At the same time, the Law on Personal Data Protection states that the data subject may withdraw their consent at any given time. This means that you can always contact the controller and ask them to stop processing your data. They are obliged to simplify the consent withdrawal procedure, i.e. not make it more complex than the procedure for giving consent. 

It is important to emphasize that the withdrawal of a given consent usually entails some consequences, especially when it comes to the processing of personal data for commercial purposes, for the provision of various "free" services. 

For example, after withdrawing your consent, you will not be able to continue using the downloaded mobile app, or the advanced features provided by some websites. This most often happens when downloading free apps, which are, in reality, “paid” by providing access to our data.

If you suspect that your personal data is being processed illegally, you can contact the controller with a request to provide you with information regarding the processing of your personal data. 

Acting upon your request, the controller is obliged to provide you in a clear and comprehensible manner all information related to the processing of your data (what types of data is processed, for what purposes, time frame for keeping the data, whether third parties have insight into the data, etc.), within 15 days, and if they fail to do so, the data subject can contact the Commissioner for Information of Public Importance and Personal Data Protection and file a complaint. In case the controller responds to the request and it turns out that the conditions for legal processing of personal data have not been met (i.e. personal data is no longer relevant achieve the purpose for which it was collected), the data subject can ask the controller to delete data, in accordance with the Article 30 of the Law on Personal Data Protection.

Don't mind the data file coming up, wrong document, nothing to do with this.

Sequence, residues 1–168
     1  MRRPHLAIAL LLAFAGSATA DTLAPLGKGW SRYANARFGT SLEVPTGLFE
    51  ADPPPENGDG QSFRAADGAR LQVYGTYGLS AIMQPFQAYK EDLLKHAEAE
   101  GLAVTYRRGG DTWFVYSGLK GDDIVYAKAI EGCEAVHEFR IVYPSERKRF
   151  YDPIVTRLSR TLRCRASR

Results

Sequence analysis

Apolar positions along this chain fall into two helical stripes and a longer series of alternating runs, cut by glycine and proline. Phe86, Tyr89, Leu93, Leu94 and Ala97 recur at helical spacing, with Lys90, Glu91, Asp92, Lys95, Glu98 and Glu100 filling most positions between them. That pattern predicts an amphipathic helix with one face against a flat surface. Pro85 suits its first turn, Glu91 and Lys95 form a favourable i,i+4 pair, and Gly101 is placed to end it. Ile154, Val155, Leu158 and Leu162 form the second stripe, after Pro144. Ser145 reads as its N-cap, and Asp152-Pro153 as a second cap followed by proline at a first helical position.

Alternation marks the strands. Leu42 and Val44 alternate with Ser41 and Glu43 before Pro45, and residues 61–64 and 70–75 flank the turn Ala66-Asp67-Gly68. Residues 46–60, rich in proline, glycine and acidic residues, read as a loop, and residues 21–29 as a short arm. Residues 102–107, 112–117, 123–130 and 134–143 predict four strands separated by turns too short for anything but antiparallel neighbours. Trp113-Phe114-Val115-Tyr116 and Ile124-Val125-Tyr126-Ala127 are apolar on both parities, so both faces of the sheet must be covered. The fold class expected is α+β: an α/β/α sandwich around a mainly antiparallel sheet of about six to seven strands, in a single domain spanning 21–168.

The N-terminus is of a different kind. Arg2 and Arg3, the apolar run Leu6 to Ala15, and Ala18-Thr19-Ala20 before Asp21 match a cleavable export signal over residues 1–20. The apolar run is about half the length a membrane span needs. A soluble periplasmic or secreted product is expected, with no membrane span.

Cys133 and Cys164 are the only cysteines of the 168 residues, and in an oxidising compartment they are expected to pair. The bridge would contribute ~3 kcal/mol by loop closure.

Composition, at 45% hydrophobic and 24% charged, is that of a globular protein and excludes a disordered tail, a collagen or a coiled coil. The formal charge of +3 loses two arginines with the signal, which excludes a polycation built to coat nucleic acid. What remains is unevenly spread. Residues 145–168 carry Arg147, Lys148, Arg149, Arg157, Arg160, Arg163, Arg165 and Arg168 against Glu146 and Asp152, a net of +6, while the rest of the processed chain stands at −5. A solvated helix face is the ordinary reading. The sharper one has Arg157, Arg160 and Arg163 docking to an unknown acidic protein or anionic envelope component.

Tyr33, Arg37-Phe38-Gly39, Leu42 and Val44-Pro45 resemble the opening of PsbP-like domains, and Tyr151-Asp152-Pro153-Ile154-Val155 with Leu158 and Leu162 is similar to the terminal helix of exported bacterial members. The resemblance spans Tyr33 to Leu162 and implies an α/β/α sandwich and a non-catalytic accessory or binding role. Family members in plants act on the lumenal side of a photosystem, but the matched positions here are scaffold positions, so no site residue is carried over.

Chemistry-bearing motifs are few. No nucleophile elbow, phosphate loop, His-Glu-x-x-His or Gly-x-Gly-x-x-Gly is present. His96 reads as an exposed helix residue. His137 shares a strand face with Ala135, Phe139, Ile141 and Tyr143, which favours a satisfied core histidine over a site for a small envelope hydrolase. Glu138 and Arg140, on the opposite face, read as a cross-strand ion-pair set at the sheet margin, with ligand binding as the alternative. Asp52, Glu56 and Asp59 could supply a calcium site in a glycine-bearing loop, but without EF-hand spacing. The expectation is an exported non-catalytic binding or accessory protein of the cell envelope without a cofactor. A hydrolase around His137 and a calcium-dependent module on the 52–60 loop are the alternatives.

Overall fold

In addition to contacting the Commissioner, you can file a lawsuit to protect your rights (this lawsuit is filed to a higher court), against a controller/processor who considered to have violated the data subject’s rights and failed to act in accordance with the Law on Personal Data Protection. One can also initiate a procedure to claim for damages due to illegal processing of personal data. 

Likewise, if the processing of personal data is based on the consent given to the controller, the data subject can withdraw the consent at any given time.

Since the implementation of the new Law on Personal Data Protection, you may have noticed that various apps, websites, as well as enterprises, have been sending you notifications about new or improved privacy policies they want you to get acquainted with.